Saturday, August 4, 2018

What are you hungry for?


A priest friend of mine tells a story of a time a few years ago when he was asked to preside at a very fancy wedding in Rhinebeck, New York. The wedding was as lavish as you would imagine, with all the bells and whistles. After the ceremony, he went to the reception to lead the guests in grace before the meal. The reception was held on the grounds of a grand mansion under a beautiful tent. Laid out before the guests was the most sumptuous buffet you could imagine. There was a large table as long as the eye could see with an ice sculpture in the middle, and arrayed around it were piles of lobsters, shrimp, and shellfish of every kind. As he was about to say the prayer, the shy little flower girl stood by his side trying to see what was on the table. The girl asked what was going on and Father explained that everyone was getting ready to enjoy all the delicious food. The little girl then stepped on her tip-toes to get a better look at the table. She saw all of the lobsters, shrimp, and everything else and said, “But, when does the good food come out? When do they bring out the Fruit loops?”

We find ourselves today in the midst of a four-week cycle that invites us to reflect upon the incredible gift of the Eucharist. Last week we saw the multiplication of loaves and fishes; next week Jesus tells us that He is “the bread of life;” and the week after that He will remind us that whoever eats His flesh and drinks His blood “has eternal life.” While these weeks focus naturally on the material of the Eucharist – this bread from Heaven, this manna in the desert, this flesh and blood – today reminds us that there is more to eating than food. Jesus said, “Do not work for food that perishes but for the food that endures for eternal life, which the Son of Man will give you.” In other words, Jesus is asking a simple question, and it’s the same one really that the flower girl was asking: what do we hunger for?

Jesus offers us the most incredible food ever – a food that feeds not merely the body for a moment, but the soul for eternity; but he wants to know if this is what we want to eat. We know that we are faced with many competing hungers – things that get in the way of God like hungers for wealth, power, material goods, or popularity; and of course other hungers that come from God like the hunger for love, truth, holiness, happiness, and everlasting life. In our Gospel, Jesus addresses this issue with those who pursued Him after the miracle of the multiplication of the loaves that we heard last week. He wants to know – are they merely seeking signs and wonders? Do they just want more bread? Are they simply hungry for things which satisfy the body today or are they really hungry for what matters – the things that can satisfy the heart and soul? Jesus echoes the question posed by the prophet Isaiah: “Why do you spend your money for that which is not bread, and your labor for that which does not satisfy?”

We are reminded that only God can satisfy the spiritual hunger in our heart and soul – the hunger for truth, for holiness, for completeness, for wholeness, for happiness, and for love. So, what are we hungry for? Jesus wants us to be hungry for a life of love and service, the kind of service He modeled during His time among us. He wants us to be hungry for forgiveness that connects us to God's mercy and kindness. He wants us to be hungry for a life of holiness and purity that reflects God's own holiness. And, He wants us to be hungry for a life of obedience to God’s will and trust in God’s plan for our lives, which gives witness to the wisdom of God. In other words, we are called as St. Augustine said to “become what we receive.” This is what the Eucharist is all about – not that we merely consume the Body and Blood of Jesus today, but that we become it; that we become Christ in our world, to one another; that we become what we receive today.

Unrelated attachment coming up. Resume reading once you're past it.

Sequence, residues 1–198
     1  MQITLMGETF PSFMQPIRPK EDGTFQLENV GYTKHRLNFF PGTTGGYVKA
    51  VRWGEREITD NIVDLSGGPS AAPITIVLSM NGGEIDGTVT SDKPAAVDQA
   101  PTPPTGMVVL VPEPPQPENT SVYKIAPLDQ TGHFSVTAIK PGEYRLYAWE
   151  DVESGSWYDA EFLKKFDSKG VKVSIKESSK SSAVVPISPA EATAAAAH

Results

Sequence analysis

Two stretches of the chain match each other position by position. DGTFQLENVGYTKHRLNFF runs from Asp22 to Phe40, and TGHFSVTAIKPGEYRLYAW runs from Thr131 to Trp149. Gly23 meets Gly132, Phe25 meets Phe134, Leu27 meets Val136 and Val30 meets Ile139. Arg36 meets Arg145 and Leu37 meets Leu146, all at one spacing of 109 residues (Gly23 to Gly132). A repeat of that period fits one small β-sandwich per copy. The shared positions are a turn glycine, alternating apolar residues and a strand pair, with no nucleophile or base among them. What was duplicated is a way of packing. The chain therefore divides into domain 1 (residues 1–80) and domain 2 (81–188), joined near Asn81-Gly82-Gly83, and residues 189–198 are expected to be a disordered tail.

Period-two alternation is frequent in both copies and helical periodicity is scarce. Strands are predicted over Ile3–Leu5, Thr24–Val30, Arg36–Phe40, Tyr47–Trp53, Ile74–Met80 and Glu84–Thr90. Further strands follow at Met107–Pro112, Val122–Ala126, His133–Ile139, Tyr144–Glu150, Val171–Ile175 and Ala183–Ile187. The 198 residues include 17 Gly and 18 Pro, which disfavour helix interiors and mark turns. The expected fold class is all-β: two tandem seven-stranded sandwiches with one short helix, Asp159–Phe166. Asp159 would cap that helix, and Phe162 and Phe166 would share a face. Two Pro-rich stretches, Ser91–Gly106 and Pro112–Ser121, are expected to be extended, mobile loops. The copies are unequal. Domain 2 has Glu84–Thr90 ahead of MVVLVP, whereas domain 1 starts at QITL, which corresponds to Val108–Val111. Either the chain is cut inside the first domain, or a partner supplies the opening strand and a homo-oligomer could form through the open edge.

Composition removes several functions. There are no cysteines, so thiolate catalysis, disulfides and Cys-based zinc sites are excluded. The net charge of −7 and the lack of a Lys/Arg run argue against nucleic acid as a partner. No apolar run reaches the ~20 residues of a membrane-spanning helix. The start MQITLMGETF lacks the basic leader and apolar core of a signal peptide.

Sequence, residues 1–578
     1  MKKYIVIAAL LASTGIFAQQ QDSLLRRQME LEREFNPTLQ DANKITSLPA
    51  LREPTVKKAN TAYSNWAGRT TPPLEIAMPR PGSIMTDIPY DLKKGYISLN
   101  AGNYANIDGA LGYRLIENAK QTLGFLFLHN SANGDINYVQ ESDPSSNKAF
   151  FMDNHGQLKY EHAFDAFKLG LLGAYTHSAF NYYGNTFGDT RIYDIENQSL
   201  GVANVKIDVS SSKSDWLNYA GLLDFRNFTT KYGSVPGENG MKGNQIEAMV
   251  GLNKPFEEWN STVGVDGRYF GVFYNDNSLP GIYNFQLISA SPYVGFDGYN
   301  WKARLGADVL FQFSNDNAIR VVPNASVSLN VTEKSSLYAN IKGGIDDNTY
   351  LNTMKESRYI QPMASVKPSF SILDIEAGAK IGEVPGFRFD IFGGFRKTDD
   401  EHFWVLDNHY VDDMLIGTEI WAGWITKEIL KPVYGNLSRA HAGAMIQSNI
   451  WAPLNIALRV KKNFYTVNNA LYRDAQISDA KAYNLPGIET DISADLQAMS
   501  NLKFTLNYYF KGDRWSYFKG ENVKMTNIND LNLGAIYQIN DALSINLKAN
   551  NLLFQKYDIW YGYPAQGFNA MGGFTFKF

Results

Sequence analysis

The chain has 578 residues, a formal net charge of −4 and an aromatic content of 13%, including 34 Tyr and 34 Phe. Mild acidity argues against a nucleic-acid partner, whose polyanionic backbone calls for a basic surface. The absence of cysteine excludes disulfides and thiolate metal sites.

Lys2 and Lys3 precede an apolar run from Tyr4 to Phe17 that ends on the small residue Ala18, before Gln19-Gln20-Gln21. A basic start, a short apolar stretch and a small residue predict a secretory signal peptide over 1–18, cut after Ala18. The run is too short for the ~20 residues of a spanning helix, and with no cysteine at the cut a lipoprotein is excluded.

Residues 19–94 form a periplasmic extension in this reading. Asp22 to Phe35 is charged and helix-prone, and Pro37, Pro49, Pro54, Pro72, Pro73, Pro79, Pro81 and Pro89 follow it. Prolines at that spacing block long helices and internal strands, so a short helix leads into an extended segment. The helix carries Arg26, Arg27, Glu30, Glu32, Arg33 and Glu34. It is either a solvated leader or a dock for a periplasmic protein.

It all comes down to that question we began – what are we hungry for? Are we hungry to be fed on the bread that the world offers? That is a false bread, and will only satisfy for a moment but leaves us ultimately incomplete. Or do we hunger for the bread that comes from heaven; the miraculous bread-become-Body and wine-become-Blood made present in our midst on this altar? Do we thirst for the words of everlasting life?

The crowd we see in today’s Gospel clamor for Jesus not because they want holiness and eternal life; they just want more bread. They want to make him a mere king who fills the stomach. But Jesus chastises them for missing the opportunity before them: “You are looking for me not because you saw signs but because you ate the loaves and were filled.” Because of this, Jesus hid away from them. He did not want to be identified primarily with feeding stomachs. He wanted to be seen as One who has come to nourish the human spirit with the food that satisfies every hunger of the human heart, the food that does not perish but that gives life eternally.

The Lord wants to know today, what do we hunger for? Do we hunger for Him and Him alone? He is ready to feed us once again today and everyday. Are we hungry for what only Jesus can give?

“I am the bread of life; whoever comes to me will never hunger, and whoever believes in me will never thirst.”

May the Lord give you peace.

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